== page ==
Covering 1952 to 1965, with the balance firmly on Spielberg’s high school years, The Fabelmans is an interior-bound historical reconstruction low on spectacular set-dressed exteriors, period-establishing needle-drops and TV shows in the background. Though the first shot cranes past hundreds of theater viewers waiting in line before arriving at the nuclear family unit, much of Fabelmans subsequently unfolds inside suburban houses and other not terribly prepossessing or populated spaces in 1.85—a rarity for the widescreen-defaulting Spielberg. As with his last use of the aspect ratio in The Post, much unfolds in foreground/background two-shot conversations framed with Spielberg’s characteristic precision; e.g. in a conversation between Brad and Sammy, note how the father leans forward precisely far enough at one point to reveal one of the toy airplanes that litter Spielberg’s work hanging from the ceiling. This fine meshing of performance and visual technique reaches an apex when Sammy repeatedly re-watches home movie footage of Mitzi and family friend Bennie (Seth Rogen) and discovers he’s inadvertently captured hand-holding and other markers of infidelity. In slow-mo, Sammy repeatedly plays a clip of Mitzi’s face quicksilver changing from one heavily telegraphed emotion to another as she falls backwards into Bennie’s arms, and I thought of the split-second discipline required to externalize this change in sync with the camera movement. Talking to American Cinematographer about making Indiana Jones and the Temple of Doom in 1984, Spielberg observed that

…it’s very hard to get actors in a highly charged emotional sequence to follow your pre-concepts and oblige every one of your paint-by-the-number directions. I wouldn’t ask an actor to do that if I made a relationship movie. E.T. was a relationship movie, and I didn’t storyboard it except for the 40-odd special effects shots which I had to storyboard for budgetary reasons. [… But for Temple of Doom, ] all the actors learned to act in a different way. They learned to paint their emotions by the number […and] fell into step with the storyboards. They were able to give credible performances when the light was hitting them at a certain time or when they hit the mark which put them into exact alignment with the bluescreen.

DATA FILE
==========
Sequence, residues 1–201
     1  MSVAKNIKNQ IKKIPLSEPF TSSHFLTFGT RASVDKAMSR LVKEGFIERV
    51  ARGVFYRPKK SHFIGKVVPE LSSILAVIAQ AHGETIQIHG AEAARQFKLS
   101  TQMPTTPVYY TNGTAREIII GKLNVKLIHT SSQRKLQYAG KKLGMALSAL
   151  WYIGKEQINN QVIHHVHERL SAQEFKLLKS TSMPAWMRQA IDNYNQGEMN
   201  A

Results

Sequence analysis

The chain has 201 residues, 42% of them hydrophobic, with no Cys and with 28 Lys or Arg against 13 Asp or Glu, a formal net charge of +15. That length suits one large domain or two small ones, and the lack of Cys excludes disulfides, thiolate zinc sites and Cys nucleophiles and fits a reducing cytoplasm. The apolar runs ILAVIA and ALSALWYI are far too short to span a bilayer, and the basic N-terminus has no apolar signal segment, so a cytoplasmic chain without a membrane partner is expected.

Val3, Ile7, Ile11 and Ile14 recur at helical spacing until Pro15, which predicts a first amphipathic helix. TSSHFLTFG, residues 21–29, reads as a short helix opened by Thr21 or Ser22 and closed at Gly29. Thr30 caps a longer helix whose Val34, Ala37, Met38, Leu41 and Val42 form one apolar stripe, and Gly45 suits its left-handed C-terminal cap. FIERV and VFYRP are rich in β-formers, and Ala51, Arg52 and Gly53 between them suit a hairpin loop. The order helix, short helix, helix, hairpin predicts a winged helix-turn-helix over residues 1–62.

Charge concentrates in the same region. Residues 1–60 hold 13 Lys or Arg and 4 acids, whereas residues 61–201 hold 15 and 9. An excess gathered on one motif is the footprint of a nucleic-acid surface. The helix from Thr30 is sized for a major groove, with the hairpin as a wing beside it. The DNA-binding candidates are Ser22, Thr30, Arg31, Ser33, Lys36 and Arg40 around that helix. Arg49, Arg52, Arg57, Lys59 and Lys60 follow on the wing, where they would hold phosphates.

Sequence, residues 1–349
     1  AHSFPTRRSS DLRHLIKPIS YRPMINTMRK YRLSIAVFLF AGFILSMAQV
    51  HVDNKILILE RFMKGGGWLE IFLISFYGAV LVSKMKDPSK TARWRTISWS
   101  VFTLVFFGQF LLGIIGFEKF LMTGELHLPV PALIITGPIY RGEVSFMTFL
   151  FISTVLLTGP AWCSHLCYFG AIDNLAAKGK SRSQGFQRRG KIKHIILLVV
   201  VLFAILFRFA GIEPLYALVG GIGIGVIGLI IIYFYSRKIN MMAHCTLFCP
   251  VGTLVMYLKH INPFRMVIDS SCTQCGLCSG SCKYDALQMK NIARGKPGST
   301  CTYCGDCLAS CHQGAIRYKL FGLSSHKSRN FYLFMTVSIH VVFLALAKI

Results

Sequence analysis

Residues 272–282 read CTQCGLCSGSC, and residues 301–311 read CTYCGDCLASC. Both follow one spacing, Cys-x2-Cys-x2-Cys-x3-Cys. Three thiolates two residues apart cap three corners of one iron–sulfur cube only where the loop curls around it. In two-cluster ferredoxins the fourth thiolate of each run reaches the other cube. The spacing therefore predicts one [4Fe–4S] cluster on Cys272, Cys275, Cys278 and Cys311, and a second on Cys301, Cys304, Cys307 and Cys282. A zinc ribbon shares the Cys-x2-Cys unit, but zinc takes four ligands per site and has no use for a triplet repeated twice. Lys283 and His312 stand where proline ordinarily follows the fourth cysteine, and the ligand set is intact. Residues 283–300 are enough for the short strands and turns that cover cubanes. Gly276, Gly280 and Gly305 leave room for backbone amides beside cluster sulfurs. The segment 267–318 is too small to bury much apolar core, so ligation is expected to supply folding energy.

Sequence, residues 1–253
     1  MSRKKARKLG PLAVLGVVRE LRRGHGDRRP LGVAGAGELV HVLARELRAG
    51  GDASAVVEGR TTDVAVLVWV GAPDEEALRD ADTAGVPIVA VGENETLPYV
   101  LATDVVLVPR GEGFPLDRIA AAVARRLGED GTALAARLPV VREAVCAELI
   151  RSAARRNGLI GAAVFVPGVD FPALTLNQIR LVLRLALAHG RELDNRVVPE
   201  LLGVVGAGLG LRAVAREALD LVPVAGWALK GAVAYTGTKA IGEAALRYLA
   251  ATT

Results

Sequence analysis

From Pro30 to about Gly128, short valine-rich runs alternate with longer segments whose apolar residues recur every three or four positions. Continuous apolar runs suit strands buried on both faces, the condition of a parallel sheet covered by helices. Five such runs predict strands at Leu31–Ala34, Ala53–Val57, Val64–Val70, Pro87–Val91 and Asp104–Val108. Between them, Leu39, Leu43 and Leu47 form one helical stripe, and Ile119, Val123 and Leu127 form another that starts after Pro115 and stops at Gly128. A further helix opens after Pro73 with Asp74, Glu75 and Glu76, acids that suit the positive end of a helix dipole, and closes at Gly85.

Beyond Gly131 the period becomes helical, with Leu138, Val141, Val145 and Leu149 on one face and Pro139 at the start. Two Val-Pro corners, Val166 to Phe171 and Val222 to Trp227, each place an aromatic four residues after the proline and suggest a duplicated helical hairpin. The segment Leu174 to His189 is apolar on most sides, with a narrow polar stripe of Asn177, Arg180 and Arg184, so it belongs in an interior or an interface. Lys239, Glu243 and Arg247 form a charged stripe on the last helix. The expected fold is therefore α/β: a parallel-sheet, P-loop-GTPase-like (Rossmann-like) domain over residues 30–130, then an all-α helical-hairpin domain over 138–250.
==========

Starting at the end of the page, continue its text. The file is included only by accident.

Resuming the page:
Moments like Mitzi’s fall make me wonder if Spielberg has managed to split the difference between this relationship/populist divide.

Sammy’s discovery is the first step to arguably the 20th century’s most famous and culturally consequential divorce; in the more immediate short term, it leads to a weird scene where Sammy shows his mom footage of her transgressions to precipitate her remorseful confession like a teenage Hamlet. Some of the marital discord here is illuminating as source material for Close Encounters: instead of the usual bad dad, here we have a Manic Mother who drives towards, rather than away from, a tornado, like Roy Neary manically chasing his vision. When Burt sees one of Sammy’s first amateur films, he enthuses that his son is just like him: both organize groups of people to solve problems. Both Spielberg’s biggest enthusiasts and detractors might likewise label him a master technician, whether positively or pejoratively, and both sides would have a point. Disappointingly, here this observation is less a reflection on the limitations of immaculate technique than a screenplay beat underlining up another dichotomy, between Art (mom) and Science (dad). If Fabelmans chooses (a totally acceptable level of) self-valorization in service of the former, one of Spielberg’s biggest gifts has arguably been turning his technical acumen towards non-intuitive, sometimes outright strange means; it’s no surprise he can’t separate the magic of the movies from their technology when remembering his first artistic experience.